Wednesday, 23 June 2010

How Full Is Your Marriage Piggy Bank

There have been a number of studies that indicate that we tend to keep a mental set of accounts when it comes to our marriage. It is as though we keep an emotional check book, making withdrawals and deposits, depending on the behavior and attitude of our husband/wife. One of the leading marriage researchers, John Gottman, contends that to have a satisfying marriage we need to maintain a five to one ratio, i.e. five deposits(positive interactions) for every withdrawal (negative interaction). Other research indicates that it is the little things that tend to destroy a marriage over time, i.e. the little habits that are a recurrent source of irritation. A more precise account for what is happening is found in James 4:1.

Deposits are those attitudes or behaviors that are positive, affirming, encouraging and bring a sense of security and joy. These are behaviors that make us feel love or respected. (Ephesians 5:33) Withdrawals on the other hand are behaviors and attitudes that erode trust, discourage us, frustrate us and rob us of joy. These are behaviors that make us feel unloved and/or disrespected. When withdrawals exceed deposits you have a negative emotional flow, just like you have a negative cash flow when expenses exceed income. There really is no overdraft protection and the interest you have to pay back once you get behind is exceedingly high.

We can declare emotional bankruptcy, i.e. call it quits and get a divorce. This has a huge cost, one that is often grossly underestimated. We can cut expenses, hunker down, and make the best of our situation. This translates into settling for less, living parallel lives, becoming roommates and co-existing. Or we can decide to work our way out of debt, get a part time job, and cut up the credit cards. This means figuring out what has brought about this emotional deficit and consciously choosing to make changes.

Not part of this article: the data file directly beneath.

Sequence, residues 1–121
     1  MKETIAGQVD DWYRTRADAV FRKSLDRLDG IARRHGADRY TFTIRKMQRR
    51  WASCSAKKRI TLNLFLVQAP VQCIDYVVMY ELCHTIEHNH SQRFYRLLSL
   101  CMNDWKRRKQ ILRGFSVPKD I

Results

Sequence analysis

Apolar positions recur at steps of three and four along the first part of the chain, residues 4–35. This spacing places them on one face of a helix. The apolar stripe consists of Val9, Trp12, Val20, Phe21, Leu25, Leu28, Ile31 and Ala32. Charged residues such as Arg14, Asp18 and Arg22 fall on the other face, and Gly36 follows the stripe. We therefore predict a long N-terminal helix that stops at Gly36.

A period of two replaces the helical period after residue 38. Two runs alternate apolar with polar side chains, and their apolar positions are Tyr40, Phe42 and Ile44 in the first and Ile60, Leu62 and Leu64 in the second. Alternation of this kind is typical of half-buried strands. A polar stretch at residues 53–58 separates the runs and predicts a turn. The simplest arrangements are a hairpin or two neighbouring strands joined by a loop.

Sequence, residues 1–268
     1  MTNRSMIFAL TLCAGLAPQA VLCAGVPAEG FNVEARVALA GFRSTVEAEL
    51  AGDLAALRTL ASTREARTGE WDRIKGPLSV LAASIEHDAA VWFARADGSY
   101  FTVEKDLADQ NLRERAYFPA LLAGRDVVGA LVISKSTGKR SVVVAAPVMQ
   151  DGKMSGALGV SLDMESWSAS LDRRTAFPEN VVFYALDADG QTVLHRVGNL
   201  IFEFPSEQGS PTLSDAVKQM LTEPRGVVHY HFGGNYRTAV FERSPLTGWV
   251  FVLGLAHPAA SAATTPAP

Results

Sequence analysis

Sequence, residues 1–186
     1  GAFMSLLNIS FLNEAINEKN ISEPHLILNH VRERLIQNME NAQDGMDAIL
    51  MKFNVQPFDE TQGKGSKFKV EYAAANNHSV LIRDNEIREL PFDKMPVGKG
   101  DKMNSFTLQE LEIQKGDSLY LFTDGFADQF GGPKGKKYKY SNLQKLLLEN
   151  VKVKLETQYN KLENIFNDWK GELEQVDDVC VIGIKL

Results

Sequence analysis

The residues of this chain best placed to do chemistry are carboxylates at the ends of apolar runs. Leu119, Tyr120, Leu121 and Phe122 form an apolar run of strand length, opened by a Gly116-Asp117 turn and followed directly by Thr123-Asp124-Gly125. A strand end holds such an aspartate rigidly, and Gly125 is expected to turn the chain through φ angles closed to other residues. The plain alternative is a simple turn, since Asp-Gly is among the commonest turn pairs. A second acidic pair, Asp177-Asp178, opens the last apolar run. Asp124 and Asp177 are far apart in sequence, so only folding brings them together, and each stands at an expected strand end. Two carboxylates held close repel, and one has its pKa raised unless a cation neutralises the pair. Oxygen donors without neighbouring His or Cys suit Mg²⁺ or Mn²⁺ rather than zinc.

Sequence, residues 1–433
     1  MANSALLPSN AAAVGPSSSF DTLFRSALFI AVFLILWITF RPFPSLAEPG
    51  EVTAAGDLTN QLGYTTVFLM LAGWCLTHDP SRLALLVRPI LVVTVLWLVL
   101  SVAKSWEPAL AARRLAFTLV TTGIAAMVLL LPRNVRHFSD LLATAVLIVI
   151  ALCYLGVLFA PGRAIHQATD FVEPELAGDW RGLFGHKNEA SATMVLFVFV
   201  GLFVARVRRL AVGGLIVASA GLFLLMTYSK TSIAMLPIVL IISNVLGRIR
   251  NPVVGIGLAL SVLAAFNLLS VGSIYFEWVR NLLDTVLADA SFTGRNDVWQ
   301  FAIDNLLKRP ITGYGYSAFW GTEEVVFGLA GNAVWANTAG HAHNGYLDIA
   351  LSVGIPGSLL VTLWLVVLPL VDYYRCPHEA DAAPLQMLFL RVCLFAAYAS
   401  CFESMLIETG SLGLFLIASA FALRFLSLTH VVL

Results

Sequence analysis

Dave Ramsey, world renowned Christian financial guru, suggests that you pay off your smallest credit card balance first, not the one with the highest interest rate, which may seem counter-intuitive. To apply this principle to marriage might mean that you tackle the easiest things to change, resolve the smallest areas of dispute first. Don’t start with the most contentious of subjects or the behaviors that are so ingrained that it would be easier for Congress to pass a health care bill approved by all Americans than to effect such a behavioral change.

If we increase our deposit attitudes and behaviors and decrease our withdrawal attitudes and behaviors we will have a positive balance. Creating a positive balance contributes to a happy marriage.

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